Appeal from the Order of the Workmen's Compensation Appeal Board in the case of Malcolm J. Gearhart v. Dana Corporation, No. A-92272.
Barbara L. Hollenbach, Holland, Taylor and Sorrentino, for petitioners.
Morris D. Bernstein, Galfand, Berger, Senesky, Lurie & March, for respondent.
Judges Barry and Smith, and Senior Judge Narick, sitting as a panel of three. Opinion by Judge Barry. This decision was reached prior to the resignation of Judge MacPhail.
[ 120 Pa. Commw. Page 278]
Claimant, Malcolm Gearhart, was employed by petitioner, Dana Corporation (employer), on December 30, 1983, when he suffered an injury after his work shift had ended. He had completed his shift at 3:00 p.m. and was walking through employer's parking lot on the way to his car which was parked in the street when he stopped to assist a co-worker who was having trouble getting his car started. Claimant was struck by the co-worker's car when it unexpectedly moved backwards as claimant was positioning himself to help push it forward. Claimant suffered disabling injuries as a result of this accident.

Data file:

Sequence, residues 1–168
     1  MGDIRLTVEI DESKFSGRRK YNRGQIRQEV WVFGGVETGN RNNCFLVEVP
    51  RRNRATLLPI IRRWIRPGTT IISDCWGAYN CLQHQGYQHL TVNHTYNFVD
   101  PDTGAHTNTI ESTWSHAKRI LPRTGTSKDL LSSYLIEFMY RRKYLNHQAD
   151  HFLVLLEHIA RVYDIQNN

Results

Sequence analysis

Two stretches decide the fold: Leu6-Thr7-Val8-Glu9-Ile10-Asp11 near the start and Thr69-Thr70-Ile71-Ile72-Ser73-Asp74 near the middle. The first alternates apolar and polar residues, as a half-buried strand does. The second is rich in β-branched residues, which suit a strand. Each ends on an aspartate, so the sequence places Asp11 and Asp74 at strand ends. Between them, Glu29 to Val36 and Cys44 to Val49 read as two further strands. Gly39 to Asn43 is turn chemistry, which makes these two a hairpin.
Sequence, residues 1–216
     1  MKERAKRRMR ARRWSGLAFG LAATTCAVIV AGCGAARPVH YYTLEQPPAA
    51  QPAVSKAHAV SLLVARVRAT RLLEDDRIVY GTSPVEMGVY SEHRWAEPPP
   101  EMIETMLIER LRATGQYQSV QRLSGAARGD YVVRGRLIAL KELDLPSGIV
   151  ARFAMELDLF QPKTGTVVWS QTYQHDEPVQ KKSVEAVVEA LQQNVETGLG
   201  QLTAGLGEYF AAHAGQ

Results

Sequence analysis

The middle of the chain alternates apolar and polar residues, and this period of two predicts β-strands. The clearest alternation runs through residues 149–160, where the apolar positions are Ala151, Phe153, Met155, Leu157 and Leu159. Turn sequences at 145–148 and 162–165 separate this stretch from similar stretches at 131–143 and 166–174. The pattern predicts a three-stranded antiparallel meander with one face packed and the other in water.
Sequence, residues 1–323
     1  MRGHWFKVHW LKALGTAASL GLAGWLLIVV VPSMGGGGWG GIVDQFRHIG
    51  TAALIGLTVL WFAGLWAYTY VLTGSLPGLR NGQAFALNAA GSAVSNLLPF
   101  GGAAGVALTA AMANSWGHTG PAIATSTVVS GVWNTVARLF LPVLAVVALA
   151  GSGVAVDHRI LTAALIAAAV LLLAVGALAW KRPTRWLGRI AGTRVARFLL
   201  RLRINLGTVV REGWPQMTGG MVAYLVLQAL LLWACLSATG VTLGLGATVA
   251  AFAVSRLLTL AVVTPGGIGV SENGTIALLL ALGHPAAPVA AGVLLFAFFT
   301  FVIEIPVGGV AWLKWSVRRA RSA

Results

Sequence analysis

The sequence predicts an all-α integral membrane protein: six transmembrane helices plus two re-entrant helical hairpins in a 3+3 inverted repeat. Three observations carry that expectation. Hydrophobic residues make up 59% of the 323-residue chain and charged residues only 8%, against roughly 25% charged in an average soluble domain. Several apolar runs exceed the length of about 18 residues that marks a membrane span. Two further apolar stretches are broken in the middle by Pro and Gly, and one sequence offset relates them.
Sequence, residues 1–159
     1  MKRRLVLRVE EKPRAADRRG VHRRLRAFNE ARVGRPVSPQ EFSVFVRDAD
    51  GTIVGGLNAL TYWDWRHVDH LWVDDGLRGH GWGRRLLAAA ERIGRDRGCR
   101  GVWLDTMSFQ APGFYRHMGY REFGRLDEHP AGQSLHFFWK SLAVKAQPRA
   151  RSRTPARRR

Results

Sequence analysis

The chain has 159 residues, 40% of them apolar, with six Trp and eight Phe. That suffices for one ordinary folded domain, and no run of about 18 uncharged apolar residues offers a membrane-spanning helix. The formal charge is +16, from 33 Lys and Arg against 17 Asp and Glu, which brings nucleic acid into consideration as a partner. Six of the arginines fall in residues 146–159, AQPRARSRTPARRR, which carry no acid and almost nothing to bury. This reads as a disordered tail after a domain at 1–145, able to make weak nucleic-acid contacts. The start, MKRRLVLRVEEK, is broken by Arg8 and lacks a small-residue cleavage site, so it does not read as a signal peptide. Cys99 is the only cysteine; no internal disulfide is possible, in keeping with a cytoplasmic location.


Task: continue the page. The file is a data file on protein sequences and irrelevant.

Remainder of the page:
Claimant filed a workmen's compensation petition and was granted benefits. Employer appealed to the Workmen's Compensation Appeal Board which affirmed the referee's decision and appeal to this Court followed. The issue before this Court is whether claimant was in
[ 120 Pa. Commw. Page 279]
the course of employment when he was injured. We hold that he was not.*fn1
The relevant portion of The Pennsylvania Workmen's Compensation Act in this situation is Section 301(c)(1),*fn2 which reads in pertinent part:
The term 'injury arising in the course of his employment,' . . . shall include all other injuries sustained while the employe is actually engaged in the furtherance of the business or affairs of the employer, whether upon the employer's premises or elsewhere, and shall include all injuries caused by the condition of the premises or by the operation of the employer's business or affairs thereon, sustained by the employe, who, though not so engaged, is injured upon the premises occupied by or under the control of the employer, or upon which the employer's business or affairs are being carried on, the employe's presence thereon being required by the nature of his employment.
Since claimant was not engaged in the furtherance of the business or affairs of the employer, he must satisfy three conditions under the statute in order for his injury to be in the course of employment. The statute requires that (1) the injury occurred on the employer's premises, (2) the employee's presence thereon was required by the nature of his employment, and (3) the injury was caused by the condition of the premises or by the operation of the employer's business ...